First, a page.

THE BREAD OF TEARS
A 5-star review on Amazon UK from Eileen M. Thornton:
Rose runs a hostel for the homeless in London. One day, returning from
an engagement, she is horrified to find the body of Angela, someone she
had helped in the past, outside the hostel. The girl had been murdered;
the sign of the cross carved into her chest. Inside the hostel she
finds two other bodies, both brutally murdered. The police are called
and an investigation into the deaths begins.
As the story unfolds, we
learn that Sister Rose had been a policewoman in Newcastle upon Tyne, where she had
been attacked while working on a case... So traumatized by the events, she spent some time in
a convent to help her forget the horror she had been through. It was
during her stay at the convent that she turned to God.
... Sister Rose soon begins to help the
DCI investigate the murders. But, she also finds herself being drawn to
the man himself.
I really enjoyed this novel. There are several
twists and turns as it slowly leads the reader to a nail-biting climax.
must read for all mystery/thriller readers.
Thank you, Eileen!
Available as a paperback and e-book here
Sunday, 18 March 2018
Thursday, 8 March 2018
It's International Women's Day today.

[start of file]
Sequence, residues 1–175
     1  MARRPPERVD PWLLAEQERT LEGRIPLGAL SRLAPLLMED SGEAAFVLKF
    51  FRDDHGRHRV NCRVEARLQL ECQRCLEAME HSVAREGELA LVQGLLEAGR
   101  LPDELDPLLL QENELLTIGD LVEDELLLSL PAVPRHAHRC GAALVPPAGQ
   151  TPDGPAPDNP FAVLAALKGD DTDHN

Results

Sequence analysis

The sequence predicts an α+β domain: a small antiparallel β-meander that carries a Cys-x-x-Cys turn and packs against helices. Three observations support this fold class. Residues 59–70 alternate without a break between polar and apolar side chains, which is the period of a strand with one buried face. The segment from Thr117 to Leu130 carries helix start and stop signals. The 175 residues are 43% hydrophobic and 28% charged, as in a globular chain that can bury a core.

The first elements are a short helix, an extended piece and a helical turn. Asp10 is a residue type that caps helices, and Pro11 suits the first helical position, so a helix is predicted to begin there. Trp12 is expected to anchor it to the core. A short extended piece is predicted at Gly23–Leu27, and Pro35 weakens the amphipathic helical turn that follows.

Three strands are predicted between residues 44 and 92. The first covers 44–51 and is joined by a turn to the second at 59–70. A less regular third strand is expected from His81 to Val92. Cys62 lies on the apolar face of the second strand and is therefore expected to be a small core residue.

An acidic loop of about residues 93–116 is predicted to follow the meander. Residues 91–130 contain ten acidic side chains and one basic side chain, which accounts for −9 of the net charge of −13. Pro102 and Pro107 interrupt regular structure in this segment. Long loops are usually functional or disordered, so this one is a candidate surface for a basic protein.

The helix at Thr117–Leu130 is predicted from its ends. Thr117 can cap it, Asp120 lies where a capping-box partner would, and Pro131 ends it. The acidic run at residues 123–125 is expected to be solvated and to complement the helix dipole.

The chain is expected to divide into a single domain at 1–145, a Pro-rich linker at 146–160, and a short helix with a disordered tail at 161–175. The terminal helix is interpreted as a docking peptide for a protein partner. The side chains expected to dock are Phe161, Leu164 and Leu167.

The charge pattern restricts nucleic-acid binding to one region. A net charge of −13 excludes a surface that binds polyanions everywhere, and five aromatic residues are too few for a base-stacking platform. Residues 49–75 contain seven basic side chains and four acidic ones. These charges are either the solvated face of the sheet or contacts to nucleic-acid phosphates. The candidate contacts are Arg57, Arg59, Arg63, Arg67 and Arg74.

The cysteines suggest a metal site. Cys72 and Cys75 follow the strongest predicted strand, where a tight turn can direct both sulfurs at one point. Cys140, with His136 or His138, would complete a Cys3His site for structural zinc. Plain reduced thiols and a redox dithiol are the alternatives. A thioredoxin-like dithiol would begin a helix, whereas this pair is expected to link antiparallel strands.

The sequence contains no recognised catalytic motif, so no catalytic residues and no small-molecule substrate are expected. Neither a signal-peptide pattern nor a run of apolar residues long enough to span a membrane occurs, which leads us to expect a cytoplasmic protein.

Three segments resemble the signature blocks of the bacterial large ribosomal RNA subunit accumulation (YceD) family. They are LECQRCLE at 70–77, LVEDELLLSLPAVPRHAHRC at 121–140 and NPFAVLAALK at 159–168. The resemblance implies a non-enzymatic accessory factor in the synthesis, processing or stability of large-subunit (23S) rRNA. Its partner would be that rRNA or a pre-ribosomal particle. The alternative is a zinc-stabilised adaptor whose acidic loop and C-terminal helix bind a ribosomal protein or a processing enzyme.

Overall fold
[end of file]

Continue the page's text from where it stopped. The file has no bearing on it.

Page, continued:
Why they have to have a special day for it is beyond me.
We should be celebrating women every day.
A number of my published novels feature strong female protagonists; all of which are available on Amazon.
Chill of the Shadow
Tagline: In her search for truth she found love – with a vampire!here
A modern romantic thriller set in present-day Malta, involving black magic, vampirism, Knights of Malta and, perhaps topically, corrupt Maltese politicians. Malta and Gozo are colourful photogenic islands, steeped in history...
The Bread of Tears
Tagline: When she was a cop, she made their life hell. Now she’s a nun, God help them!
The Tana Standish psychic spy series (Cold War faction)
Before Salt. Before Atomic Blonde. Before Red Sparrow. There was Tana Standish, psychic spy! Although ‘historical’, these adventures will still resonate as the Cold War has definitely returned.
Tagline: Orphaned in the Warsaw ghetto, she became a spy. And she’s psychic, which gives her an edge!
Tagline: She’s an assassin and has no regrets about killing evil men.
Tagline: Psychic against psychic as the Soviets invade Afghanistan!
The Avenging Cat crime series
Tagline: Catherine Vibrissae. Orphan. Chemist. Model. Avenging Cat.
Catalyst – set in England and Spain
Catacomb – set in France and Morocco
Cataclysm – set in Tenerife and China
I blame Anthony Burgess. In 1984 he produced a book (written in two weeks) titled Ninety-Nine Novels: The best in English since 1939. He chose 99, allowing the reader to choose one of their own to make up the hundred. There seemed a paucity of female authors listed and, of course, as with any list of ‘the best’ it was bound to be controversial. He declared it was his personal choice, which he was entitled to make (in the days before a growing phalanx of people feel obliged to be offended by any statement of personal viewpoint).